I was playing around with Placeholder Settings, and thought it would be a nice topic for my next blog post – especially since I wanted to customize it a bit.
Adding placeholder settings
Placeholder settings can be added in different ways. The placeholder settings items are saved in the /sitecore/layout/Placeholder Settings folder.
The ‘global’ placeholder settings need a placeholder settings item to be created, then assigned a placeholder key (which needs to match the placeholder key in the sublayout) and can be assigned its allowed controls.
Another way is to add placeholder settings on the Layout details. The placeholder settings item will end up in the Placeholder Settings folder, but will not have a Placeholder Key set in the item itself. It will be bound to a placeholder on the layout.
Now, I had an article page, on which people could leave their comments through a Comment widget. This widget is enabled on some articles, but Content Editors can also remove it if they don’t want this functionality. This means they’d also have to be able to add it back again if they’ve removed it and changed their minds later – but I only want it on the page once, since it doesn’t make too much sense to have the same widget on the page twice.
When looking in the Core database (We can see all things Page Editor in /sitecore/content/Applications/WebEdit/Ribbons/WebEdit), we can see which command gets triggered by clicking the ‘new component’ button:
Using the Commands.config file, this translates to the following command:
<command name=“webedit:addrendering” type=“Sitecore.Shell.Applications.WebEdit.Commands.AddRendering,Sitecore.Client“/>.
In the AddRendering class there’s a private static void defined called RunGetPlaceholderRenderingsPipeline, which kicks off a pipeline like this:
If we then look in the web.config and see what the getPlaceholderRenderings pipeline does:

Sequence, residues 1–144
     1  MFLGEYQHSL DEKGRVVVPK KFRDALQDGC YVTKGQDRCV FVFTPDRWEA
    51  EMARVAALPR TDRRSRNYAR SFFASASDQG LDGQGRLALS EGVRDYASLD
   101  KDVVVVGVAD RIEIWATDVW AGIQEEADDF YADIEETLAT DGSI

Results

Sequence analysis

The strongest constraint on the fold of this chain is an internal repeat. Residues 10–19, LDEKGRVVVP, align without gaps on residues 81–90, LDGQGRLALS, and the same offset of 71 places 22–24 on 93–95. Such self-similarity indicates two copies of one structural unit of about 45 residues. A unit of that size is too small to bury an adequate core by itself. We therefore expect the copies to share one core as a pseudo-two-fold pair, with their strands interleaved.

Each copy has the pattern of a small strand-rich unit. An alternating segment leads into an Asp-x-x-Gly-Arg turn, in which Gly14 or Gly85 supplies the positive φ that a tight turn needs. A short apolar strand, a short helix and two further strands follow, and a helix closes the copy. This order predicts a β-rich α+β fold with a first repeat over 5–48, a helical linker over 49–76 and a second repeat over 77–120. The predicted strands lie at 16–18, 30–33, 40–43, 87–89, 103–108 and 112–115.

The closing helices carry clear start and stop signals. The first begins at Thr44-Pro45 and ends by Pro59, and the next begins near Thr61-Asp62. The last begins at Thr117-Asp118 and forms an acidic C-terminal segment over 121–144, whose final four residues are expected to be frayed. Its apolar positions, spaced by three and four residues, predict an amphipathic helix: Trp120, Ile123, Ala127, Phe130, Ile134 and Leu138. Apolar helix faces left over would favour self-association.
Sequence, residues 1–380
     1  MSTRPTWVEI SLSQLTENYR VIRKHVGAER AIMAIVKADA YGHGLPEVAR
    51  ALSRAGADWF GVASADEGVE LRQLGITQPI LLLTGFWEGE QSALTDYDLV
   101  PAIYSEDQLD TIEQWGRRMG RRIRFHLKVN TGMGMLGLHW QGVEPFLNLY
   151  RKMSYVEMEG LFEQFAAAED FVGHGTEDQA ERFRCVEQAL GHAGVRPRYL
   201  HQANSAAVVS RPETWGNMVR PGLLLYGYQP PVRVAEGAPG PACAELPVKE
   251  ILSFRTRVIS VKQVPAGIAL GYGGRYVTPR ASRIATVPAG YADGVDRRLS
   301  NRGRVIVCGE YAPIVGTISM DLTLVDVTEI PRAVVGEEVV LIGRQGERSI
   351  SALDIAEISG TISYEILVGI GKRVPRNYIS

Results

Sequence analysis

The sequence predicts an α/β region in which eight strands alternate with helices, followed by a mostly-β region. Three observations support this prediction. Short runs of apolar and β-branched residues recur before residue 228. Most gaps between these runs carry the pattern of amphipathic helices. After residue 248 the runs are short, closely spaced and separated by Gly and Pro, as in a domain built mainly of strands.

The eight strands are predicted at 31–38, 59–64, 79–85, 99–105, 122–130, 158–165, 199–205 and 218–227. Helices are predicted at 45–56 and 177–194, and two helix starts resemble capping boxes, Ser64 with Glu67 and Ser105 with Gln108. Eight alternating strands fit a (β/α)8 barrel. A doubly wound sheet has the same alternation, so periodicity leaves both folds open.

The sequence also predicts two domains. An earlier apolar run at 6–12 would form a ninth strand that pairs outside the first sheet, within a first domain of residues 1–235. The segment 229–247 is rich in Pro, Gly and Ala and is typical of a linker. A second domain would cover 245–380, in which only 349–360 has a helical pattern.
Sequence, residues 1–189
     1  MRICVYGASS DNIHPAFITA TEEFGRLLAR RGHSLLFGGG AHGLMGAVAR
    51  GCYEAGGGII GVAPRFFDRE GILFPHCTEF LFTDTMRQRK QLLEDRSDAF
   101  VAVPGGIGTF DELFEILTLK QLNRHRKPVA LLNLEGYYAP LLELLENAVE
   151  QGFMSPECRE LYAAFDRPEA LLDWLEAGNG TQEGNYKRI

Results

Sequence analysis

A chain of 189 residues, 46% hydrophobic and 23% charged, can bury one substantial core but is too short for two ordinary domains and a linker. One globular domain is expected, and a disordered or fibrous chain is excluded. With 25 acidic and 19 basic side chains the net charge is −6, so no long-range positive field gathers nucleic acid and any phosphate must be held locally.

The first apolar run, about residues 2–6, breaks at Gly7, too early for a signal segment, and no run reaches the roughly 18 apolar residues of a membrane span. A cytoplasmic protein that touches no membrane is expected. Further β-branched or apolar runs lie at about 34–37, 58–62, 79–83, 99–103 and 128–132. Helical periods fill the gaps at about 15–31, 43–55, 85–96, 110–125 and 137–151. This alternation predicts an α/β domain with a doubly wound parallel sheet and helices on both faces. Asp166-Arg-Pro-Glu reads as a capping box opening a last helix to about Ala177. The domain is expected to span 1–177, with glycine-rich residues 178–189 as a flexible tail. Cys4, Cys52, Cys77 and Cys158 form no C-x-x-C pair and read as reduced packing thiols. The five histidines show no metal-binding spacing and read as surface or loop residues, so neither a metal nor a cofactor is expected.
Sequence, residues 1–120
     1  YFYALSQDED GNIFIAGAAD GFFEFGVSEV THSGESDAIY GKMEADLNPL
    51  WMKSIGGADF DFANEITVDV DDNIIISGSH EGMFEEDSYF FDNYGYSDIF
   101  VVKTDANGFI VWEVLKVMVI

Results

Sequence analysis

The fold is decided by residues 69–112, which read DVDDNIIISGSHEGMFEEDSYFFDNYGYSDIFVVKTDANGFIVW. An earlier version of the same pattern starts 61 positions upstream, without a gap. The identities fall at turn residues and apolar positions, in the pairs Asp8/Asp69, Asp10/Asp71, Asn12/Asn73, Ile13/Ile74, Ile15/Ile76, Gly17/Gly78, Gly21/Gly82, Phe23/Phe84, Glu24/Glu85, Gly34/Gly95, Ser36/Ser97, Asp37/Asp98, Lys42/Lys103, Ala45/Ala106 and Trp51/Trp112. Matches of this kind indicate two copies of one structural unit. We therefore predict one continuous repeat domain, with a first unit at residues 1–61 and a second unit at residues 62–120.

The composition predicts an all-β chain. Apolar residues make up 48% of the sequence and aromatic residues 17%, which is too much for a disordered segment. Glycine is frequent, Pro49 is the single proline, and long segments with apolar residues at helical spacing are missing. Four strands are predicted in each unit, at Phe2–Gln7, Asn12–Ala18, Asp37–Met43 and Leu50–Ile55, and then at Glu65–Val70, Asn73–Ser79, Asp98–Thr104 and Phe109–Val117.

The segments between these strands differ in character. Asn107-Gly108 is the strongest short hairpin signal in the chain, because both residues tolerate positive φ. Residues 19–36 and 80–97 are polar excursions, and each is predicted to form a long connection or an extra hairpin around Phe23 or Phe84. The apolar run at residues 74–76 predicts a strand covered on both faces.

<processor type=“Sitecore.Pipelines.GetPlaceholderRenderings.GetAllowedRenderings, Sitecore.Kernel“/>
<processor type=“Sitecore.Pipelines.GetPlaceholderRenderings.GetPredefinedRenderings, Sitecore.Kernel“/>
<processor type=“Sitecore.Pipelines.GetPlaceholderRenderings.RemoveNonEditableRenderings, Sitecore.Kernel“/>
<processor type=“Sitecore.Pipelines.GetPlaceholderRenderings.GetPlaceholderRenderingsDialogUrl, Sitecore.Kernel“/>
The easiest solution would then be to add a processor to the pipeline.
A processor needs a Process method, and in our case will expect GetPlaceholderRenderingsArgs as well.
I figured I would start off simple and just make it so I can’t add any control to the placeholder if that control is already there.
Here’s the code I wrote for this:
publicvoid Process(GetPlaceholderRenderingsArgs args)
List<Item> placeholderRenderings = args.PlaceholderRenderings;
if (placeholderRenderings != null)
placeholderRenderings.RemoveAll(x => args.LayoutDefinition.Contains(x.ID.ToString()));
Relatively easy – go get PlaceholderRenderings, remove all renderings that are already in the LayoutDefinition. Note that this means we can now only have the control once per page as we are looking at the complete LayoutDefinition and not just the controls added to a specific placeholder.
Then I added my processor before
<processor type=“Sitecore.Pipelines.GetPlaceholderRenderings.GetPlaceholderRenderingsDialogUrl, Sitecore.Kernel“/> in the <getPlaceholderRenderings>node
in the <getPlaceholderRenderings> node:
<processor type=“TestApplication.PlaceholderSettingsTest, TestApplication“/>
I then set up my page. In my page I can add either Random Sublayout or Random Rendering.
I added Random Rendering to the page, so I would expect Random Sublayout to be the only addable control.